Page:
Comment By : Frustrated and Feeling Helpless
* To ‘Frustrated and Feeling Helpless’: It can be so challenging when you do everything you can to help your child and it is met with nothing but resistance and blame. It’s great that you have sought local support for your daughter. You might try offering her a weekly incentive for continuing counseling, for example extra time on a privilege after she goes to an appointment. It might be helpful for you to go on your own to learn some techniques that might help her. That way you can talk about some calm-down strategies at a time when she is calm and come up with a plan for what she will do next time she panics. Ask her to come up with some ideas of her own and then choose one. Then in the moment, remind her of what her plan was. You can offer incentives for her to try a new calm-down skill as well. Do your best to stay calm and not take her behavior personally. We wish you luck as you continue to work through this. Take care.
Comment By : Sara Bean. M.Ed., Parental Support Advisor
My four year son asked me,”Mommy, why am I not brave?” on our way to school. It has been three weeks since the new school year has started. This school year he only needed one day to cry out his anxiety and vomit, on his first day of school . He was already comfortable with the school routine but when I am the one sending him to school, he started to show lack of confidence to join the class. He usually goes to school with his nanny but at times I would be the one dropping him off. He does have some anxiety episodes to new places and new school year. When he is anxious, he would feel the urge to poo and vomit. Last school year he always goes to poo before going to class for a few months and on an off during the school year. I am glad this article shares the tools to help him practice to overcome his anxiety. I hope by next school year, when he enters Primary school, he will be able to cope with the anxiety. Cross my fingers!!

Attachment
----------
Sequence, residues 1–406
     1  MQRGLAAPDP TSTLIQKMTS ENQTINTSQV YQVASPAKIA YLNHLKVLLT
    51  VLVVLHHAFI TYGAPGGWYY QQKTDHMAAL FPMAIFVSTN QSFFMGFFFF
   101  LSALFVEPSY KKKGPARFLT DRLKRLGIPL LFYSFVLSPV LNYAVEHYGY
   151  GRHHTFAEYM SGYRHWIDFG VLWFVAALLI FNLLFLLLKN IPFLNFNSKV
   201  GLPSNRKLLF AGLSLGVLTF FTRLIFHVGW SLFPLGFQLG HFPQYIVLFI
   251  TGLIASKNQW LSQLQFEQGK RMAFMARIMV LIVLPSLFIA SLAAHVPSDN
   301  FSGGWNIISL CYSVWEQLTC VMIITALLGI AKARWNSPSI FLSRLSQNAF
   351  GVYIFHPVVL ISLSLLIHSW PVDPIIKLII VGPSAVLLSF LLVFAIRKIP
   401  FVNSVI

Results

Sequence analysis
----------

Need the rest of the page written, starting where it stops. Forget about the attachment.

I am a little concern though, since he has a younger sister who has the opposite personality as him, tends to get comments from the grandparents as the bravest girl. I’m afraid he would be hurt by such comments.
Comment By : jstaMom
my five year old just started kindergarden, and is taking the bus, and during the week he as a sore tummy, and weekends he is fine, in the beginning he would have fits, now he crys, and says his days are long, he's afraid of getting lost, he doesn't want to take the bus, its stress, but how do i help him overcome his fear of school and all new things?
Comment By : Donna
* To Donna: It is heartbreaking to see your young child anxious and fearful as he is starting to attend school. It is hard enough as a parent to have your child begin this new chapter in life, and watching him get stressed over riding the bus and attending class doesn’t make it any easier. It may be helpful to talk with him about what is hard about going to school or riding the bus. It sounds like he is afraid of getting lost and having a tough transition to longer days. We recommend talking with your son about what would make it easier for him to go to school each day. For example, it might be sitting in the same seat by the driver on the school bus each day, or taking a stuffed animal to remind him of home. You can try role playing some of these solutions with him at home so he feels more comfortable when it’s time to ride the bus or go to class. Talking with his teacher or the bus driver about possible solutions may be helpful as well. I am including a link to an article you may find useful as you work your way through this challenge. Take care. Young Kids and Back to School Anxiety: How to Shrink it Down to Size
Comment By : Rebecca Wolfenden, Parental Support Advisor